The policy's ‘Coverage C,’ as relevant, provided:
‘The Company will pay on behalf of the Insured all sums which the Insured shall become legally obligated to pay as damages because of . . . bodily injury . . . to which this insurance applies, caused by an occurrence and Arising out of the . . . use . . . of any automobile, and the Company shall have the right and duty to defend any suit against the Insured seeking damages on account of such bodily injury or property damage, even if any of the allegations of the suit are groundless, false or fraudulent, . . .’ (Emphasis added.)
INA argues that, as a matter of law, Nelson's injury did not arise Out of the use of the automobile driven by Bacharach.
It is now established in California that the language of a Coverage clause such as is found in INA's policy, i.e., ‘arising out of the . . . use . . . of the insured automobile,’ has ‘broad and comprehensive application, and affords coverage for injuries bearing almost Any causal relation with the vehicle.’ (State Farm Mut. Auto. Ins. Co. v. Partridge, 10 Cal.3d 94, 100, 109 Cal.Rptr. 811, 815, 514 P.2d 123, 127.) Such “use” need not amount to a “proximate cause” of an accident for coverage to follow; only some ‘minimal causal connection between the vehicle and an accident’ is required. (Id., p. 100, fn. 7, 109 Cal.Rptr. p. 815, 514 P.2d p. 127.)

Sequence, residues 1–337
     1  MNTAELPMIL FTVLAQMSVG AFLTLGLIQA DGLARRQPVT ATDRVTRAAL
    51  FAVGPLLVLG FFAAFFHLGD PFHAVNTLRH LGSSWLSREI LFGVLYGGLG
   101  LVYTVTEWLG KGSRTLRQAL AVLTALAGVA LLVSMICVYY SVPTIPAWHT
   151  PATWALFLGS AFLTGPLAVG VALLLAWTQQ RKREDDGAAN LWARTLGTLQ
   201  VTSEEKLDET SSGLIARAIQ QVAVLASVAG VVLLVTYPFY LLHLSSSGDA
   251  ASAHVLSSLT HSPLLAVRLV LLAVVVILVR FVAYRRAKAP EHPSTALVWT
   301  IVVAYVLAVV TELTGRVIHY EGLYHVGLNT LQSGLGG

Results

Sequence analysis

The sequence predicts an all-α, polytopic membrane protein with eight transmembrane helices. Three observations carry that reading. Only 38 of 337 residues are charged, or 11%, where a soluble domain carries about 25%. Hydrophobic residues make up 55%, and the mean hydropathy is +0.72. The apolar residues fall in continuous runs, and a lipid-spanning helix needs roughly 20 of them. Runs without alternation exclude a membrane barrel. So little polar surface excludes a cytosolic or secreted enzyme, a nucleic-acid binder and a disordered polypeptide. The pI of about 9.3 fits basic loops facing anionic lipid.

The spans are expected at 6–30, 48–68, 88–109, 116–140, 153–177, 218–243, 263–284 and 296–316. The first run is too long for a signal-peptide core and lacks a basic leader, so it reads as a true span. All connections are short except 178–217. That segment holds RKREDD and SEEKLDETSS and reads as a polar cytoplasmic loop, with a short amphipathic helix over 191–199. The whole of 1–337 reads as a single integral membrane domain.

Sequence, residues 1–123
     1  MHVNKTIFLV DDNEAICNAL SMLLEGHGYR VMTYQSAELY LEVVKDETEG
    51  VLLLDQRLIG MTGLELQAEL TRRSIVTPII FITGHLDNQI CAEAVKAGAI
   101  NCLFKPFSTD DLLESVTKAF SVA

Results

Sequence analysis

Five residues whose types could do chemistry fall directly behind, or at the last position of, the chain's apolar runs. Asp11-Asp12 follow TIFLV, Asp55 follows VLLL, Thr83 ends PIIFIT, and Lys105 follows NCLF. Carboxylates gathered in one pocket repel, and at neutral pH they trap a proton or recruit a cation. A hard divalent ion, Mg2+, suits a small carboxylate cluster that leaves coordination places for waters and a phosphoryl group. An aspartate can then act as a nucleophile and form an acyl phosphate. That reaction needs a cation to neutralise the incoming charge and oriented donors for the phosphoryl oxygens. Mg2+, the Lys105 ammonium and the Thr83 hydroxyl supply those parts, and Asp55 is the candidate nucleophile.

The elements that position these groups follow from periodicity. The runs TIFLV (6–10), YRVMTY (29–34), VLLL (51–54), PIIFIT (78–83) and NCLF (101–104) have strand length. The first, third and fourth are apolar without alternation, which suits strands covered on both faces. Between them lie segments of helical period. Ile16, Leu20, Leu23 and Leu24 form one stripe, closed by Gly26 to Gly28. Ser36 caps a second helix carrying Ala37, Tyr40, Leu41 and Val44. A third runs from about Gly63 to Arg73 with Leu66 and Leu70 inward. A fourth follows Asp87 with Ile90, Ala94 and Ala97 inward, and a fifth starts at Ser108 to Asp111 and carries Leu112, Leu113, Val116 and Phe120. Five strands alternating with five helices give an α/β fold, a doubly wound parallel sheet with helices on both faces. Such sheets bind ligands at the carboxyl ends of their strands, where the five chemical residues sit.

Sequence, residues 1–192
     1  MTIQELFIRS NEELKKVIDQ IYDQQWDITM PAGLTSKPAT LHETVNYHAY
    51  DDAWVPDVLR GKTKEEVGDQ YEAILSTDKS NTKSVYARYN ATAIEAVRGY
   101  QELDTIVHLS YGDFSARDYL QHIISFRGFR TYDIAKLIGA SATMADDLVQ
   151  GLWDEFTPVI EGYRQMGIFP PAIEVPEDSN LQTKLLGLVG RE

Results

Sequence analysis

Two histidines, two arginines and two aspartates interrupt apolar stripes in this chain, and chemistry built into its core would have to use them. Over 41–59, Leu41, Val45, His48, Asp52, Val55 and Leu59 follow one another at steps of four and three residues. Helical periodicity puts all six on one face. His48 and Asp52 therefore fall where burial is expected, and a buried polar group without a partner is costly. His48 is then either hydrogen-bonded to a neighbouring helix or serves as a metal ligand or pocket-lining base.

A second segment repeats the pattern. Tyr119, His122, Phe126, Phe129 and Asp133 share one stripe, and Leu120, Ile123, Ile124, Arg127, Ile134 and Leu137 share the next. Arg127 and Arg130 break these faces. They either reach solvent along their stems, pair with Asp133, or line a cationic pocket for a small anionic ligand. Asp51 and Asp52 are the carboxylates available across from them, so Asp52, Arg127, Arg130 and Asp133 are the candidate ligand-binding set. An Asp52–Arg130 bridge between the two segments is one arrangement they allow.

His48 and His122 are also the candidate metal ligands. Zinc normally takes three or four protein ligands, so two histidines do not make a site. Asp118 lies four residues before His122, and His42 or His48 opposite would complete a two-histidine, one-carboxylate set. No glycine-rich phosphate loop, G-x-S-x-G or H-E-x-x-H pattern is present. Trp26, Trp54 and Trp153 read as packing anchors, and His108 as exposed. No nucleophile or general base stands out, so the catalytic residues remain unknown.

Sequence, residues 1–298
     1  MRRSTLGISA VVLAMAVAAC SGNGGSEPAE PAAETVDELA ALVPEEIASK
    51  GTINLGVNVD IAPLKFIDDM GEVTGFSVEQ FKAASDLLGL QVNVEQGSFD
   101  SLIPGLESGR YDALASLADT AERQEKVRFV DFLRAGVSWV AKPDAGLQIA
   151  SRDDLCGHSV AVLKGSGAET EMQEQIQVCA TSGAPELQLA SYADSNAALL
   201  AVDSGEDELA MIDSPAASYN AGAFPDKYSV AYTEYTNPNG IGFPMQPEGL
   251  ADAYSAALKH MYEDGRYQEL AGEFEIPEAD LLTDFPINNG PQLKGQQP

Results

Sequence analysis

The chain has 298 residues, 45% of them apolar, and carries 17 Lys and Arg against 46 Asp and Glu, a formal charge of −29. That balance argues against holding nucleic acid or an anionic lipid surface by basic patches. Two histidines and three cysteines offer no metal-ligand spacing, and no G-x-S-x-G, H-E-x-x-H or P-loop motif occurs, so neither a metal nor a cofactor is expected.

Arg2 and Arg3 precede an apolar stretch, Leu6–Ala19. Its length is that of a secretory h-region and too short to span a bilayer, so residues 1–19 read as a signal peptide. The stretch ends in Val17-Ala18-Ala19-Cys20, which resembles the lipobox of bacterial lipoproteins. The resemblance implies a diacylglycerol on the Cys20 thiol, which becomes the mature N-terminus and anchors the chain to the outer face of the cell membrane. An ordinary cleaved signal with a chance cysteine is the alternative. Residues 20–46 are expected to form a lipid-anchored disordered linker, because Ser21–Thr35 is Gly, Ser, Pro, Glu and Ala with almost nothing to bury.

We look to the uncontroverted evidence, in determining whether there was some ‘minimal causal connection’ between the vehicle occupied by the four boys, and the occurrence resulting in Nelson's injury.
Bacharach testified that he and his companions would probably not have gone ‘egging’ without the vehicle. He said, ‘I don't think we could have covered as much ground as we did without a . . . vehicle.’ And Perry and discussed with the others the use of an automobile to transport themselves while ‘egging’; in deciding to flip the egg at Nelson, factors considered by him were that he was ‘in a traveling motor vehicle,’ and that the vehicle was a means of a ‘quick escape’ after the egg was thrown. And most significant is the obvious inference that the principal cause of Nelson's grievous injury, in addition to such forward motion as was caused by the ‘flipping’ of the egg, was the approximately 40-mile-per-hour speed initially imparted to it by the automobile's forward motion.
The trial court found, among other things, that the liability incurred by Perry resulted from his ‘negligent conduct’ and an ‘accident,’ that at least in part it resulted from ‘auto related’ conduct, and that the ‘act of Perry in flipping the egg from the moving vehicle, which struck Nelson, was a use of said vehicle.’ These findings, we opine, were supported by substantial evidence. (See Green Trees Enterprises, Inc. v. Palm Springs Alpine Estates, Inc., 66 Cal.2d 782, 784—785, 59 Cal.Rptr. 141, 427 P.2d 805.) It follows that the requisite ‘minimal causal connection’ between the vehicle and the accident was established in the superior court.